New Congressional Redistricting Map Proposed, Affects Local Districts

Some East Texas congressmen could be traveling through new land if Republicans get their way. A new proposed map of congressional districts was unveiled in Austin and would radically change the district lines to more GOP-friendly turf.

It not just another map they were waiting for at the State Capitol Tuesday night. But new district lines that could mean new congressmen for millions of Texans. Democrats don't like it, but Republicans feel they deserve more seats in congress. This came up in the regular session, causing 51 Democrats to bolt to Oklahoma.

But Democrat Max Sandlin's District 1 would essentially be renamed District 2, and he's not that upset.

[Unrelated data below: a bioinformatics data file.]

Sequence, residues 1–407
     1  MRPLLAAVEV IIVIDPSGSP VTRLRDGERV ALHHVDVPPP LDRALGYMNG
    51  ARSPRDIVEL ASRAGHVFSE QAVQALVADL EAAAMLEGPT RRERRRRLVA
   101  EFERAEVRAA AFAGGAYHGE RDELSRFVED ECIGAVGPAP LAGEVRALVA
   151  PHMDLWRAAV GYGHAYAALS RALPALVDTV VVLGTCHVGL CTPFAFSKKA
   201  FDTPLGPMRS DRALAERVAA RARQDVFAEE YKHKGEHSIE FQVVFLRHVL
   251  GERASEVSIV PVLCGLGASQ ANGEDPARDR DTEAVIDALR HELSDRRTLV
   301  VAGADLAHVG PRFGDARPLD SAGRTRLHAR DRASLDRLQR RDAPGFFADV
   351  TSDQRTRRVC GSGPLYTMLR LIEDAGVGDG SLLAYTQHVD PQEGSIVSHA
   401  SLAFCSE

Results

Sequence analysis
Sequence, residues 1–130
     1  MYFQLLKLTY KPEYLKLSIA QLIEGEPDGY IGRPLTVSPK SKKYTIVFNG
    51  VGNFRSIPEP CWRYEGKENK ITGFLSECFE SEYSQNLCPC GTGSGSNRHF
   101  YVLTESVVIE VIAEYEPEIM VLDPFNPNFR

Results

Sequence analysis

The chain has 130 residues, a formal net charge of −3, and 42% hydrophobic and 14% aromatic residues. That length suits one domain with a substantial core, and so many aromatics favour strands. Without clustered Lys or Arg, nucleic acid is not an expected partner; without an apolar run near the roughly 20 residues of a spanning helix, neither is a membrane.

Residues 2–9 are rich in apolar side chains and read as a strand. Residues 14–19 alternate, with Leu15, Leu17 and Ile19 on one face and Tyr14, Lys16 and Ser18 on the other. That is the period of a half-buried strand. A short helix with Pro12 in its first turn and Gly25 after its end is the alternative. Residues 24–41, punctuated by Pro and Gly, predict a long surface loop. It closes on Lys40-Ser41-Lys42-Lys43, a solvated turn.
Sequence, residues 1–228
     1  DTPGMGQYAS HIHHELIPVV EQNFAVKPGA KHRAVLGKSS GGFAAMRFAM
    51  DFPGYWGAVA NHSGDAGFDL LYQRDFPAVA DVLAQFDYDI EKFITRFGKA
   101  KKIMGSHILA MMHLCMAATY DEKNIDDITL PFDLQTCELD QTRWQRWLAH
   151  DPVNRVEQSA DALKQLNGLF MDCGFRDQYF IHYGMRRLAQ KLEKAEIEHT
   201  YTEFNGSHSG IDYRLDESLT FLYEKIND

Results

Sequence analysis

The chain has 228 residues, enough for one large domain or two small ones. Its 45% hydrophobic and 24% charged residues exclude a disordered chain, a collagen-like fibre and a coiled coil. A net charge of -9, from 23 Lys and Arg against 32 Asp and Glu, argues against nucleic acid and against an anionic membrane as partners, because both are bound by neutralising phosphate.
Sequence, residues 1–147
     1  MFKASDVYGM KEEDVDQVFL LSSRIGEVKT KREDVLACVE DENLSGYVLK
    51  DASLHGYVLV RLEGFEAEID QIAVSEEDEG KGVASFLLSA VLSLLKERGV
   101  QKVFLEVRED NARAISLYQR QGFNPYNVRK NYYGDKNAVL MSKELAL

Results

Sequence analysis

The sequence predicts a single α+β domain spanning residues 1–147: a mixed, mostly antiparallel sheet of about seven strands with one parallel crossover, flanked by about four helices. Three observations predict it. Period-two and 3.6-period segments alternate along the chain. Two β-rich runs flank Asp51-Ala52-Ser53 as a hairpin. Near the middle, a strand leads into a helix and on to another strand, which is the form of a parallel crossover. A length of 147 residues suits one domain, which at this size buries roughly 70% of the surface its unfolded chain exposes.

"This map keeps most of my District intact, and I feel that I can win by a fairly large margin in the proposed district," Sandlin says.

In the west, Republican Jeb Hensarling's District 5 would gain more East Texas land, including Van Zandt and Cherokee county. And Democrat Ralph Hall's District 4 would go from a thin winding stretch of land to a block of Northeast Texas.

Wednesday, Hall gave his opinion -- that's it's just politics.

"I have no critcism of [U.S. House Republican Leader] Tom DeLay who wants more Republicans because that's his business and it's a tactic. I have no criticism of who crossed that Red River to break a quorum. That's a tactic. That's not illegal," Hall said.

Meanwhile, the Republican map proposed last night is just in the early stages of discussion.

"I have absolutely no confidence that this will be the final map it's simply a 'stalking horse,'" Sandlin says.

If so, it has some folks very angry, and the wrangling will likely continue as the special session gets underway.

Congressman Ralph Hall has previously said he did not want to run again, but has been getting pressure from supporters to seek another term. His home is in Rockwall and would still be in his district under the new proposal.

Reported by Morgan Palmer